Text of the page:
At the same time, there are ongoing opportunities for teaching staff to make use of tech for assessment; only 31% of teachers track formative assessment online:

“Being able to access advancements in technology will keep me up to date and relevant for pupils and allow them to see that what we are teaching applies to them. For me, relevance equals more engagement in lessons, which equals less discipline issues,”

said Senior Teacher, Local Authority Primary, North West England


Tech will never replace traditional teaching

Despite the move towards a more digital pedagogical landscape, almost 80% of our educators believe that edtech will only be combined with traditional teaching resources over the next decade, rather than replacing it.

Of the following options, which do you think is the most likely trend we will see over the next 10 years? 2017 2018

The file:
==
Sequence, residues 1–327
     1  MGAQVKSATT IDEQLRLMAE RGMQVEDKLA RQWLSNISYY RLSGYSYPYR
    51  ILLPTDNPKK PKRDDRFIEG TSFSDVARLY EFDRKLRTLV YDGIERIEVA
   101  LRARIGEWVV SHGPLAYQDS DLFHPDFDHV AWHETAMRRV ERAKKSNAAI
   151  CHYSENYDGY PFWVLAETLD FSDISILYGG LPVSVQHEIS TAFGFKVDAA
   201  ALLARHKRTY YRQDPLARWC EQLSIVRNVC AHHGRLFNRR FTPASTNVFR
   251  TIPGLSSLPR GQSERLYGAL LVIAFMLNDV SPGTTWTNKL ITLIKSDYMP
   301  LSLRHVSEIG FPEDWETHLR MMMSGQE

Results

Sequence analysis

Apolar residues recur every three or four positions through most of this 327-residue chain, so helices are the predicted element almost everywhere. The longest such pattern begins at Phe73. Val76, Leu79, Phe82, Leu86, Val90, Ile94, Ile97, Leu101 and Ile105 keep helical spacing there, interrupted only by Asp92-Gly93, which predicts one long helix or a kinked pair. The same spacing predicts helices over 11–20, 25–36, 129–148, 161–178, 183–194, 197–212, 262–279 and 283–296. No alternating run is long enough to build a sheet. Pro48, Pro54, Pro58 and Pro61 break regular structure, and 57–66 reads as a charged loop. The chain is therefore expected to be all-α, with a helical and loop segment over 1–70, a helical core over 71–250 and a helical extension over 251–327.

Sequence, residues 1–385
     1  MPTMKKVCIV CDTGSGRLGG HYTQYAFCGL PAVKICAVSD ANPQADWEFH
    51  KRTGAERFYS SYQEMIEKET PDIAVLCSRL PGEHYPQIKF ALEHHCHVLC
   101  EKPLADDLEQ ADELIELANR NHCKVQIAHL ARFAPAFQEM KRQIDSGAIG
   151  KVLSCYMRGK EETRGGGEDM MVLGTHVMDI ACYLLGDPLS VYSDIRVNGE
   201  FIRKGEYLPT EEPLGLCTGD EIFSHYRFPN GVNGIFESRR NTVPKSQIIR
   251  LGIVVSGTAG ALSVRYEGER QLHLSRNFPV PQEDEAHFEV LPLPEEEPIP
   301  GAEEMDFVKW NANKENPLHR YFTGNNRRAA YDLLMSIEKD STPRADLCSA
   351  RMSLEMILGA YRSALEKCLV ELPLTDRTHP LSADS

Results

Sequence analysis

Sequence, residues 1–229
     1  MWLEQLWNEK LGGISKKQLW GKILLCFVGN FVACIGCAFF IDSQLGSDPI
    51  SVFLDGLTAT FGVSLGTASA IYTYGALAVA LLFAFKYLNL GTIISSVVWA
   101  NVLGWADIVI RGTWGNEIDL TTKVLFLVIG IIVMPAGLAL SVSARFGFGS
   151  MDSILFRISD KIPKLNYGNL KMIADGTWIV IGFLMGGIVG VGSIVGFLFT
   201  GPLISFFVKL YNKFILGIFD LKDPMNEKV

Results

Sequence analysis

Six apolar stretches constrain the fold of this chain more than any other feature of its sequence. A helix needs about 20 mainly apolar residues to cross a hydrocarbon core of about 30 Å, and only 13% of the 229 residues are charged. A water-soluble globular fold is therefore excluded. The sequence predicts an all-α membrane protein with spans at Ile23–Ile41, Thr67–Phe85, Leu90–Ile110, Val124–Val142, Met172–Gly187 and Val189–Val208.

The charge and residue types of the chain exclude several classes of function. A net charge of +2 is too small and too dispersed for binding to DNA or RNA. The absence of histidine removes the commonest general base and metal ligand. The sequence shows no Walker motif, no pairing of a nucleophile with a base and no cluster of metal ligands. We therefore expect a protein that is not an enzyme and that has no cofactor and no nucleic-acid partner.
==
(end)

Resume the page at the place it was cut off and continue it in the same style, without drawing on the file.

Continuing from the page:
Technology-aided teaching will become the only way in which lessons are taught 28 10.9
Technology use will be routinely combined with traditional resources and teaching methods 63.8 78.9
Growth will slow and the use of technology in education will start to decline 8.1 6.8
Other 0.1 3.4

Technology is increasingly important for meeting schools’ goals like raising attainment, boosting engagement and improving schools’ profiles. But at the same time, we’re unlikely to ever see edtech taking a higher priority than quality teaching staff and tried and tested learning practices.